Code.comp()

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Code.comp()

James
Is there and easier way to translate the comp mnemonics then a really large switch statement (which i am currently doing)?  there must be some algorithmic way of doing this isn't there?
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Re: Code.comp()

ybakos
Definitely! But I believe going "algorithmic" is a bit too complicated.

Keep in mind that all comp/jump/dest mnemonics map directly to a particular binary code. Hmmm.... keys and values.... hmm...

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Re: Code.comp()

James
hmmm my data structures knowledge is super rusty.  Hash table??
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Re: Code.comp()

cadet1620
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James wrote
hmmm my data structures knowledge is super rusty.  Hash table??
Yes. They're very easy to use in higher level languages. Python calls them dictionaries, Java calls them HashMaps, Ruby calls them Hashs.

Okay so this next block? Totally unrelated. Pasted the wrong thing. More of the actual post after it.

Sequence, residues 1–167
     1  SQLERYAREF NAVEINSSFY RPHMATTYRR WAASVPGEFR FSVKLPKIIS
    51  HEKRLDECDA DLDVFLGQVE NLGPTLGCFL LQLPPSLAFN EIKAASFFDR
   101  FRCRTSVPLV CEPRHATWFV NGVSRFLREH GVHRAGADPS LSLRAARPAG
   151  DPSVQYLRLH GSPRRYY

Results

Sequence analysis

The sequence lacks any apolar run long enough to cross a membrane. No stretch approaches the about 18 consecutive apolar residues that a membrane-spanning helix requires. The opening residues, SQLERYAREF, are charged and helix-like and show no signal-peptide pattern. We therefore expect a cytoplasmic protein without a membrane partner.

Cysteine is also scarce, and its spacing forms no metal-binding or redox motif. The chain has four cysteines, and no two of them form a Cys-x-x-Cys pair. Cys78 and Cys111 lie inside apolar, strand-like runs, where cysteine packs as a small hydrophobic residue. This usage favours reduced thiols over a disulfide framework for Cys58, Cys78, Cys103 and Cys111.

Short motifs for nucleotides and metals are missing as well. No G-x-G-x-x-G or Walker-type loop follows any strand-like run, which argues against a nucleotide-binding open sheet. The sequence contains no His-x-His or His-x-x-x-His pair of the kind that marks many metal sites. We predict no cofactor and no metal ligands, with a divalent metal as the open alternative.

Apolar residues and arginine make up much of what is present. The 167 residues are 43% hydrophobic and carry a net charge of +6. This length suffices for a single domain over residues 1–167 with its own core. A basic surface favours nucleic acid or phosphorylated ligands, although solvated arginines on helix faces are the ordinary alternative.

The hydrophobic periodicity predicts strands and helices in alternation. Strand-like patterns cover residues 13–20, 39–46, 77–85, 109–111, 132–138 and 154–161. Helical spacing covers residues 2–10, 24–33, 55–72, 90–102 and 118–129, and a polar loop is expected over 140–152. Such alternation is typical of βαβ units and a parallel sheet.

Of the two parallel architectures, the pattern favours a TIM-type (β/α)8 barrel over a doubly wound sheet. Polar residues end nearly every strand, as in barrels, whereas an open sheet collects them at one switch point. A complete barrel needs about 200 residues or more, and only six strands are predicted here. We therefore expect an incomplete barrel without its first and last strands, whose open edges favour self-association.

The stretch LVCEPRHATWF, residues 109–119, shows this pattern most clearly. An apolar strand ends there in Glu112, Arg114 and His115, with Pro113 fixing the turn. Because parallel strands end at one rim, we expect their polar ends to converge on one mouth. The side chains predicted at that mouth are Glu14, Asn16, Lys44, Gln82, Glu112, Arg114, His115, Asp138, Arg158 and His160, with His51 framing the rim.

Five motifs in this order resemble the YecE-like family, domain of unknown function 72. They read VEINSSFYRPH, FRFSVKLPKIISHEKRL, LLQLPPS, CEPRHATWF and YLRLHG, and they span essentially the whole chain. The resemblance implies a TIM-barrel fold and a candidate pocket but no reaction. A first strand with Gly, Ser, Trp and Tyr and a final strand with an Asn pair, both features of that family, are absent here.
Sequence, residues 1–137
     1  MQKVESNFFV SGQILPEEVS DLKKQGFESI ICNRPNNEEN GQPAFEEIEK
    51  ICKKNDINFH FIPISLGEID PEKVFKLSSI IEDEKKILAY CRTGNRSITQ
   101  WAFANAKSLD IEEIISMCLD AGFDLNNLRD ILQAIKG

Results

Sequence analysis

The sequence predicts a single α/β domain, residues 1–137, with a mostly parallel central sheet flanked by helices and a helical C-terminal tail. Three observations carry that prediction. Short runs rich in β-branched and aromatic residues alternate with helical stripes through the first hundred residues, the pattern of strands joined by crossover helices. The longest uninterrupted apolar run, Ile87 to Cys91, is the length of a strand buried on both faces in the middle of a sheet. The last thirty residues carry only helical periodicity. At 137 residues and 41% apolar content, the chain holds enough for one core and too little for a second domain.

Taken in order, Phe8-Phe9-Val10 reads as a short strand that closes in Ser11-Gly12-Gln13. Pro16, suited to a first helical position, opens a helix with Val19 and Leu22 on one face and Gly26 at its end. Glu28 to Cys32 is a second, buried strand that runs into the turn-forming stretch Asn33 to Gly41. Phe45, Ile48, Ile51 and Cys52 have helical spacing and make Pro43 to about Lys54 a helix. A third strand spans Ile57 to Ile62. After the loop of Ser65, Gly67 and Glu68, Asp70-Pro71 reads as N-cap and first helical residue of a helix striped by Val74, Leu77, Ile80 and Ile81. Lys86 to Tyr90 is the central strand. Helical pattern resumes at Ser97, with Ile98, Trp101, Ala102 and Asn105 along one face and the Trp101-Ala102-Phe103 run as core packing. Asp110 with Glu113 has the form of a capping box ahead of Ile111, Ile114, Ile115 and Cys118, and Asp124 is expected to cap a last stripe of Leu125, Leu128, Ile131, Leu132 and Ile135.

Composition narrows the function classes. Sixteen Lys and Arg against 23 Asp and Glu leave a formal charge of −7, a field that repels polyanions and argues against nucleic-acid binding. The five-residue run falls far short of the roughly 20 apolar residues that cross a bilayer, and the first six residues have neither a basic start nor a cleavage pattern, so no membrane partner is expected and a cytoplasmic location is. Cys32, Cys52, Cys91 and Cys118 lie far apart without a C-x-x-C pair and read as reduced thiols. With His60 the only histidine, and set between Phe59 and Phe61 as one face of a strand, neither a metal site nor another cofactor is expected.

--Mark
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Re: Code.comp()

James
This post was updated on .
cool thanks guys, but i have some interesting things here.  my program using the massive switch statement was able to assemble the pongL.asm (27,500 lines of assembly) in 121 milliseconds, but after i converted my assembler to use a hash table instead it actually ran slower and took 146 milliseconds to assemble.  any thoughts on this?? i though for sure hashing would be faster. I suspect the additional time taken was probably from loading the actual table itself, i suppose i could time how long it takes to load the table then subtract that from the time it takes to assemble the whole program.

EDIT: weird i just ran it again and this time it ran at 120 ms. a 1 ms gain! ill take it.
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Re: Code.comp()

ybakos
Keep in mind that while a switch statement of, say, 50 branches might be faster than a hashtable lookup of 50 elements, consider what happens when you have 1000 elements.

(I'm oversimplifying here.)
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Re: Code.comp()

James
yes that is very true, also i was thinking about how much more flexible the hash table is, like possible storing all the functions and binary codes in an external definition file that loads at run time so if i ever add additional functions to the hack CPU i can just modify the file and not the source :) good stuff.
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